- When compared to electric water heaters, gas water heaters are often more efficient.
- Consider the following example: a 40-gallon natural gas water heater may be recovered in around one hour, whereas an electric water heater can take twice as long.
Why Your 40-Gallon Water Heater is Running Out of Hot Water Too Fast
- It is important to determine whether the problem with your 40-gallon water heater has existed for some time or whether this is an ongoing issue that has only recently surfaced.
- In the first case, you may have found yourself constantly running out of hot water, despite your best efforts to reduce your hot water consumption.
- Your 40-gallon water heater just does not have adequate capacity.
- Your current tank is far too tiny for your requirements, and you should consider upgrading to a larger one.
- However, if you have only lately noticed a shortage of hot water, you may be experiencing one of these issues.
- Your water heater has reached the end of its useful life.
- Over time, water heaters lose their efficiency.
As a result, it is reasonable to assume that your old water heater is no longer capable of heating the water effectively or fully.
- Problems with the thermostat.
- Water heaters are equipped with a thermostat, which is used to regulate the temperature of the heated water.
- It is possible to adjust the thermostat to the desired hot water temperature, however the thermostat may malfunction or break down from time to time.
- When this occurs, the efficiency with which your water heater heats the water to the temperature you desire is reduced significantly.
Sediment Accumulation. In most cases, unless you’re using filtered tap water, the water that comes into your home might include sediment. These minute mineral particles can accumulate at the bottom of the tank, and the sediment accumulation can eventually restrict the quantity of hot water that can be stored by your water heater.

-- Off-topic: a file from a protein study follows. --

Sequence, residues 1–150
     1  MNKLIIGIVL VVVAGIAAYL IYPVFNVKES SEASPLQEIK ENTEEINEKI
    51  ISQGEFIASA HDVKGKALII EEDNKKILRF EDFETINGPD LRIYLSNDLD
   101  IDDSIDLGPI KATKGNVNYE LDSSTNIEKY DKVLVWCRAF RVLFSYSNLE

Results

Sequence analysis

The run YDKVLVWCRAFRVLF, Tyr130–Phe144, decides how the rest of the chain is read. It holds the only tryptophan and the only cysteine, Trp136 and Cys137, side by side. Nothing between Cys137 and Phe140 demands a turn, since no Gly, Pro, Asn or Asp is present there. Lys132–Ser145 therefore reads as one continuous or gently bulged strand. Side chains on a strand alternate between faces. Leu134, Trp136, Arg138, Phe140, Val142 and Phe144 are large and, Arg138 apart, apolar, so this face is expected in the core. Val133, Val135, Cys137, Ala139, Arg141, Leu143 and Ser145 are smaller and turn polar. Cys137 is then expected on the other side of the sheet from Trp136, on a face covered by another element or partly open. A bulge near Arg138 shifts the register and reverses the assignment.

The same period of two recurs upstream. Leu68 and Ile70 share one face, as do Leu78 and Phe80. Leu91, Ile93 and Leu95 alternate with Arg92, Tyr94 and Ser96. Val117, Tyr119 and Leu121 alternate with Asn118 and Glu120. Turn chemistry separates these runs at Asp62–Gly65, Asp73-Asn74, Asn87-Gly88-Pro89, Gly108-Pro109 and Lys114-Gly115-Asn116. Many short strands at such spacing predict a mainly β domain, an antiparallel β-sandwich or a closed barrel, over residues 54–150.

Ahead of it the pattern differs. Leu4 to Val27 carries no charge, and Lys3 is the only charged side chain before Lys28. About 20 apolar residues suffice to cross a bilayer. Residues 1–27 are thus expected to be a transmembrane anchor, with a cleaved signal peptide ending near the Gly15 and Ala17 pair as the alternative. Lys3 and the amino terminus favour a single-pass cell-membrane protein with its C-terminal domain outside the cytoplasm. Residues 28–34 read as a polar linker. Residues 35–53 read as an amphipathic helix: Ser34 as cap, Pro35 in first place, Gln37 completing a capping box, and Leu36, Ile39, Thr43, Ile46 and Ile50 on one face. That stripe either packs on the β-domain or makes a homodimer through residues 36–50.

When to Replace Your Water Heater Tank
- When a family grows, it’s easy to neglect to improve home appliances, such as a water heater, to accommodate the additional members. However, imagine the number of persons in your family grows in the future. If this is the case, you should consider upgrading your present water heater to a larger one in order to suit your family’s rising demands while keeping everyone happy and comfortable. Please see the following graphs to assist you in selecting the best water heater tank for your household needs. Two or fewer individuals: thirty to forty litres
- two to four persons, forty to fifty pounds
- five to six persons, sixty pounds
- If there are five or more persons, 60 gallons or more are required.
Also, consider adding an additional 10 gallons for each new person in your household.
When to Replace the Entire Water Heater System
- If you’ve lately realized that your 40-gallon water heater is always running out of hot water, it’s possible that the equipment is too old to perform properly.
- In this instance, the most cost-effective solution is to replace the complete water heater system.
- The time has come for you to replace your home’s water heating system if it’s more than 10 years old and is no longer capable of heating water as efficiently as it once did.
- However, if you do decide to replace the complete unit, you should consider upgrading to a larger tank to satisfy the demands of everyone in your household.
- Using a tankless water heater, which warms water as it is required, is another option for bigger houses.